digital curation

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future_proof_lima_logoInterpreting the past has long been the province of historians, but reinterpreting it has recently become a concern of conservators. This most powerful, and most controversial, of preservation strategies can demand techniques not found in the traditional conservation lab, from 3d scanning to DNA computing. Several international conferences from Mexico City to Amsterdam recently spotlighted Still Water’s ongoing research into reinterpretation as a means of prolonging or resuscitating the past.

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facebook_written_logoDigital curators often fret about how to keep their data accessible for the long term, but users of Facebook accounts sometimes have the opposite problem. In one of several instances of New Media alumni in the press recently, Digital Curation professor John Bell tells you how to cut the cord without leaving your data hanging.
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Anne Knowles Digital Curation teleconferenceThe latest guest presenter for UMaine’s Digital Curation program uses digital tools to scour sites of trauma to recover stories of the traumatized.
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In 1994 artist Douglas Davis hit upon a surefire way to write a preposterously long sentence. He and his collaborators created a page on what was then a fledgling World Wide Web through which anyone could add words and phrases onto a growing string of HTML. Two decades later, it fell to digital conservator Ben Fino-Radin to restore this landmark of Internet art. He described the process–along with his work to recover the earliest Macintosh icons and manage digital collections at the Museum of Modern Art–in a teleconference this spring with students of the University of Maine’s Digital Curation program.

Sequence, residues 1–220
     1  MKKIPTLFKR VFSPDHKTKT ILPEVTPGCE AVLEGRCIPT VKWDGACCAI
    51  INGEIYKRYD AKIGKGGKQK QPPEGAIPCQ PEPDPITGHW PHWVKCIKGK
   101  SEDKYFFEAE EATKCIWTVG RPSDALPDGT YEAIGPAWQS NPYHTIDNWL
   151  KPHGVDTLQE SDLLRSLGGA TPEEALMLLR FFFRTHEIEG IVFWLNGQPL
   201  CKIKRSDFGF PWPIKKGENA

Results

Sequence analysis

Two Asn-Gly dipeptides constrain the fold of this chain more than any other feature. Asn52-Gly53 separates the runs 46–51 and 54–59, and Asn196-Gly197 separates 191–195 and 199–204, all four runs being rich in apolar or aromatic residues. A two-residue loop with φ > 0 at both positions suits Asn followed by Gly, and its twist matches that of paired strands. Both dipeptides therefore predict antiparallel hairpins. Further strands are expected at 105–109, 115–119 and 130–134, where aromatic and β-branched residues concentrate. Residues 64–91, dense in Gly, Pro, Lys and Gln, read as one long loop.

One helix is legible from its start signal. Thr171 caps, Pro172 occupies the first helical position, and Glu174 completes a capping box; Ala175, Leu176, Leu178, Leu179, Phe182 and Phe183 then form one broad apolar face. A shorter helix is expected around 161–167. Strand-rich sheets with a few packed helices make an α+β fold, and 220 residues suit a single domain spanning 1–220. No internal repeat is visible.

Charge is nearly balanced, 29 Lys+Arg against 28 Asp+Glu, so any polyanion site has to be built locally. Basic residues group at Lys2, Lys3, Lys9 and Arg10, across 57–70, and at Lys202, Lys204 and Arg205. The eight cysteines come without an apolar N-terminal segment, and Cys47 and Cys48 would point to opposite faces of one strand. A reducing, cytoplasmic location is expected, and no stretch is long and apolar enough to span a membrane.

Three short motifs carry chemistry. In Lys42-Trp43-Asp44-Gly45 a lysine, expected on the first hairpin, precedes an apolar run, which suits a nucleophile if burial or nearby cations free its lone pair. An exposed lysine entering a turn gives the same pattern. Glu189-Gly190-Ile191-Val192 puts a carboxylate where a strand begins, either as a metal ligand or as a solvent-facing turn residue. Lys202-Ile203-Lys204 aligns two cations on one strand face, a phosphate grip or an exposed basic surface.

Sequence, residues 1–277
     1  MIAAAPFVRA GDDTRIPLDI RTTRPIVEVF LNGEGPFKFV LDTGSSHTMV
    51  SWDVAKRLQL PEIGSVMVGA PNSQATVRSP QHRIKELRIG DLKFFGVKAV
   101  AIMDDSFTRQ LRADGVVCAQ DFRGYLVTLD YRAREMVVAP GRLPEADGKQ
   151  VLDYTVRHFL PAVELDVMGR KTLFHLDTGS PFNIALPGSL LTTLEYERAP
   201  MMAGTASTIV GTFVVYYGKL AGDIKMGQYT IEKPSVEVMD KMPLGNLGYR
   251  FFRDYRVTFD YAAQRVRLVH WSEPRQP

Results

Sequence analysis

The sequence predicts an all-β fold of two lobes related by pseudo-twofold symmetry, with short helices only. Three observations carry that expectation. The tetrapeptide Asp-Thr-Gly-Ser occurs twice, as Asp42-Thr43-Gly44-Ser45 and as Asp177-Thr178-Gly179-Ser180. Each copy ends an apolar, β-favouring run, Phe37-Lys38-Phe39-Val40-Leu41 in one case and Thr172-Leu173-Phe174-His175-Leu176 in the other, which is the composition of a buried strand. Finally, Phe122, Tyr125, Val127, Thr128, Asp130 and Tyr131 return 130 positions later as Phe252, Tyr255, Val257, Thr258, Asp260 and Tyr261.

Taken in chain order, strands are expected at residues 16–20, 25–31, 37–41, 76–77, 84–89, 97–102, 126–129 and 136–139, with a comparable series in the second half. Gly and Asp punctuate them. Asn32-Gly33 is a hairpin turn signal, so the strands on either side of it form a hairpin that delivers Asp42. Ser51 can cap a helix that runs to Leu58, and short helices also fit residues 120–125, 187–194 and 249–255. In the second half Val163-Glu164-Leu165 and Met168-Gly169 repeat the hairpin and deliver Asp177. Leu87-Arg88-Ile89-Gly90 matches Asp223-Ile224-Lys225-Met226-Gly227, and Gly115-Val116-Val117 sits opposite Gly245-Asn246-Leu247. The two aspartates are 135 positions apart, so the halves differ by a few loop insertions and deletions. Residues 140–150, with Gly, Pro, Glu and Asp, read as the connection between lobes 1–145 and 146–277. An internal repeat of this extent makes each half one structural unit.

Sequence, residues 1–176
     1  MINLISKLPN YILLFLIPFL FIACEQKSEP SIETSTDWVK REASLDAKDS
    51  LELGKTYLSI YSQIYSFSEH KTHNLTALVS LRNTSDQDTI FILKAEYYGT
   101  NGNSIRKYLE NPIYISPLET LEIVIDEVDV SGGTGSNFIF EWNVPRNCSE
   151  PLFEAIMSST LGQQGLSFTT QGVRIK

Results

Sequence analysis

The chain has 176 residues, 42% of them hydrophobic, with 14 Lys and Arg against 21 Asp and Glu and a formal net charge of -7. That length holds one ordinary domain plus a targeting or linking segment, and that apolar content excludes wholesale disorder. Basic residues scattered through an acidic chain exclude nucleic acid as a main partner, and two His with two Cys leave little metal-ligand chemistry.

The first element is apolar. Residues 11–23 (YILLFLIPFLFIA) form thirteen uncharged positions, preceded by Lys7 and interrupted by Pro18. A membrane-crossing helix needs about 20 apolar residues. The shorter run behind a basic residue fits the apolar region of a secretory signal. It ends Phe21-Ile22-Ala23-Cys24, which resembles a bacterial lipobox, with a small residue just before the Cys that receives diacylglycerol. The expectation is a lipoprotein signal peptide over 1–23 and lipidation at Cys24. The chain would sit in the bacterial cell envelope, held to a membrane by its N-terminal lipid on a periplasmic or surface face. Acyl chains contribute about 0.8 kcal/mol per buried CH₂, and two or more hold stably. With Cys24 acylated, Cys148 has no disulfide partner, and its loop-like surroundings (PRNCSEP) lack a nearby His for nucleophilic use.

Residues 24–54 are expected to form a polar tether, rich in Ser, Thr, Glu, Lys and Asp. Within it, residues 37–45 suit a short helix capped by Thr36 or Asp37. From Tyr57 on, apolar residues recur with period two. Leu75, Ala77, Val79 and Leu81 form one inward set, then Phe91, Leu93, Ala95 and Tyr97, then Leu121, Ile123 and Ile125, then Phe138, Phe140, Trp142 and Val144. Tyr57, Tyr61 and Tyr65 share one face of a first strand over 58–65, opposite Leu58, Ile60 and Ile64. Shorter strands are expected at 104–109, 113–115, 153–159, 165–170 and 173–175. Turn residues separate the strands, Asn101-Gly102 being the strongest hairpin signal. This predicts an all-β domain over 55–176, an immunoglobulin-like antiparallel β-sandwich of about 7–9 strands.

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International Handbook Museum MediaOnce dusty storehouses of antique patrimony, today museums are forced to re-imagine themselves for an age where culture is shared from smartphone to smartphone. Recent Still Water publications on reinventing museums for the 21st century are cropping up in anthologies like the International Handbook of Museum Studies and in interviews from The Library of Congress.

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mep_neh_grant_diagramIn a world where a search box is usually the only way to enter an online archive, John Bell builds wrecking balls that tear down the walls between institutional silos. His latest project, a collaboration with Dartmouth and UMaine’s VEMI lab, has won a National Endowment for the Humanities grant to help scholars access and annotate historical film and television from archives across the globe.

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Craig Dietrich DIG teleconference 2015As visiting luminary for the UMaine Digital Curation graduate program’s fall 2015 teleconference, Craig Dietrich challenged its students to consider how culturally sensitive archives and linked data can break the monoculture of one-size-fits-all paradigms for access and publication.

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Ludwig Museum Budapest

Ludwig Museum Budapest

In 2015 Re-collection: Art, New Media and Social Memory continued to gather attention from libraries, universities, and the press. This just-published MIT Press book by Richard Rinehart and Still Water Co-Director Jon Ippolito surveys new paradigms and techniques for safeguarding culture for future generations in the face of imminent technological obsolescence. Since last summer the tour included presentations in Aachen, Brussels, Budapest, Lewisburg, Oslo, Taiwan, and Toronto, as well as a webinar for the National Information Standards Organization.

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3BA7DCD7-9E9A-404C-A38A-78D1B49A2046__slack_logoYou shouldn’t prepare to be a librarian or curator with outdated tools, any more than you should study to be a doctor with a hacksaw and leaches. That’s why the University of Maine’s Digital Curation graduate program integrates cutting-edge software into its program. It’s also why its faculty chose an innovative tool that’s been called an email killer for their new learning environment–one that to our knowledge has never been used as courseware before.

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make_budget_maxGood news for anyone who needs more skills for managing a collection but doesn’t live near one of the few universities that offer them. The University of Maine has just announced a new discount for distant students in its online Digital Curation program.

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